He ends with these stories to try to capture our hearts, to take us to these places in the future for the purpose of drawing us closer to him. It’s not a trap. It’s not a guilt trip. It’s like Matt said week one. It’s the mirror we stand in front of that we might look more like Jesus. That happens by being welcomed in closer by Jesus. These are invitations. Don’t go the wrong direction. The wrong direction would be any step away from Jesus.

One of those steps I’m really mindful of in this moment and have been mindful of all week is that some of us walking into the room really struggle with confidence in our salvation, struggle in believing that God loves us, struggle in believing we’re doing the Christian life the right way.


If that’s you, maybe what you’re hearing right now is that everything I’ve said and everything we’ve read is affirming that doubt, substantiating that doubt in your life. We’re saying and we’re reading and I’m preaching and you’re thinking, “I knew it. I’m a fake. I’m a fraud. I’ve not done enough. I’m not good enough. I’m not Christian enough. He doesn’t love me.”

What happens so often if we struggle with our salvation and struggle with doubt is we draw these really small circles around our lives and hold ourselves to standards we don’t think are true for anybody else. That comes out in this moment as us hearing things like, “There’s no room for failure in this,” and hearing that if there’s any part of the sermon that doesn’t measure up with my life or any part of my life that doesn’t measure up with the sermon, it means I’m broad path.

It means I’m “Depart from me,” because there’s no room for me to mess up. There’s no room for me to not measure up. Hear me. No one has said that. Jesus is not saying that. After Jesus dies and rises again, he appears to what were, at the time, his 11 disciples. They’re a little bit freaked out because he was dead and now he’s not dead anymore.

He shows up to them, and it says there are two responses. They worship, and some doubt. It does not read some worship and some doubt. It reads they all worship and some of them doubt. Do you know what that means? It means that for some of those guys there is worship and doubt simultaneously in their hearts.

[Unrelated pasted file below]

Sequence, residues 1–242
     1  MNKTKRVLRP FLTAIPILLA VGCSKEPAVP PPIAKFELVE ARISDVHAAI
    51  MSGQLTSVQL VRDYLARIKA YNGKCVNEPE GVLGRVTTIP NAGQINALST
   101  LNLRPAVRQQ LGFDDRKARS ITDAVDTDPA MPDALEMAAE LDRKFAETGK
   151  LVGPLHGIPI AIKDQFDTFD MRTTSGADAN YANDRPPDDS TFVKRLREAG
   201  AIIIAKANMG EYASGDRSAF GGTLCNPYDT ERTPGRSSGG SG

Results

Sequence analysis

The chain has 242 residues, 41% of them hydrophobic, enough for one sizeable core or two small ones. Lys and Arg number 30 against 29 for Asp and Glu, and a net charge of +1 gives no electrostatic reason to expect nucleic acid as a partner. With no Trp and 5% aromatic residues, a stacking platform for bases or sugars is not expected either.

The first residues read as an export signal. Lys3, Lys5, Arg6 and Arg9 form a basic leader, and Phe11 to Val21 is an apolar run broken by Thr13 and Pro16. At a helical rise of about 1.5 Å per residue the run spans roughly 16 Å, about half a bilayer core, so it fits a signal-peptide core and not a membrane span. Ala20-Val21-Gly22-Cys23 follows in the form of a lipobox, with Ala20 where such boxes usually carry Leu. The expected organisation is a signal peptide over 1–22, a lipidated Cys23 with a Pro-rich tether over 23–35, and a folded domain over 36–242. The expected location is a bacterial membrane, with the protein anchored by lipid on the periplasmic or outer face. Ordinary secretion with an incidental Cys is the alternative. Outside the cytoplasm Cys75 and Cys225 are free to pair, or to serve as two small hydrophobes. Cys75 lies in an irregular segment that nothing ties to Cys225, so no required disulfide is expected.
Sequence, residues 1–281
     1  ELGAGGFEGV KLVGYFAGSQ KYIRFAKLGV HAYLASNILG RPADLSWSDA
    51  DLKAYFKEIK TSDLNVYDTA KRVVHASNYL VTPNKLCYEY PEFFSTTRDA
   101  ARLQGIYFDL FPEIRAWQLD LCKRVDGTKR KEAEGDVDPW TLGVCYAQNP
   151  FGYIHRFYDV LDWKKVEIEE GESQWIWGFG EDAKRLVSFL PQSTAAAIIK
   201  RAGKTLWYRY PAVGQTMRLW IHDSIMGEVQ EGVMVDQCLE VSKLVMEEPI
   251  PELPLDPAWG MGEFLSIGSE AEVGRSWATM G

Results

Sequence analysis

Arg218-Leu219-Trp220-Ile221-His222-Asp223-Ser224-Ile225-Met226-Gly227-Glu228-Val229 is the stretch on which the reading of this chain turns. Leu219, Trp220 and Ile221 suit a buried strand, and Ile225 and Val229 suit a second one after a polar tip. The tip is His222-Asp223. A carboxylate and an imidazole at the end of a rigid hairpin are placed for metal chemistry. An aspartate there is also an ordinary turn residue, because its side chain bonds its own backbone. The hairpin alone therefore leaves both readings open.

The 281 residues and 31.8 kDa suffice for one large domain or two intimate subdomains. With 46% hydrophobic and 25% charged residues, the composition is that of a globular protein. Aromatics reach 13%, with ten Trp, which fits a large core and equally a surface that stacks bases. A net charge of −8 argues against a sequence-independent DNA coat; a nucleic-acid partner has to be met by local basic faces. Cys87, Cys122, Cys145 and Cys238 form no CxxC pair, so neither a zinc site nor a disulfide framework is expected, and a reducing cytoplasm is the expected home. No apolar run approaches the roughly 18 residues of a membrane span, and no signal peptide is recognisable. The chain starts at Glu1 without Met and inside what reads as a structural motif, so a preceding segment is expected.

Jesus knows that, and do you know what he says to them? “Come back when all your doubt is gone.” No. What does he say to them? “Go into all the world. Teach all that I’ve commanded.” So, go into all the world and teach people some of the very things you’re still struggling to believe yourself.

In our minds, we think it’s so much harsher than that, that the category over here is you have the doubters and the imperfect and the strugglers, and then you have the worshipers over here, and until in my life it’s all worship and no doubt or all worship and no struggle or all worship and no failure…

Until that moment, I’ll never know I am a real Christian or that he really loves me or that I’m really a part of this. Look right at me. That day of all worship and no doubt will not come until Jesus returns. The invitation is…Can you believe that every day from now until then Jesus both celebrates your worship and loves you in your doubt and failure? Because he does.

The most dangerous step away from Jesus would be for us to not take him seriously, for us to not take this seriously, for someone in the room to think, “For some reason I’m the exception. For some reason I don’t have to respond to this. For some reason Jesus is not who he says or there’s just some other road I can walk.” To respond that way makes you a hearer and not a doer, and to be a hearer and not a doer is like a foolish man who once built his house on the sand.

The rains are coming. Once you build your house on the sand, it doesn’t matter what you build on top of that. It doesn’t matter how much beauty you stack on top of that. It doesn’t matter how much success you stack on top of that. It doesn’t matter how much church attendance you stack on top of that. If it’s built on the sand and the rains are coming, it will not last.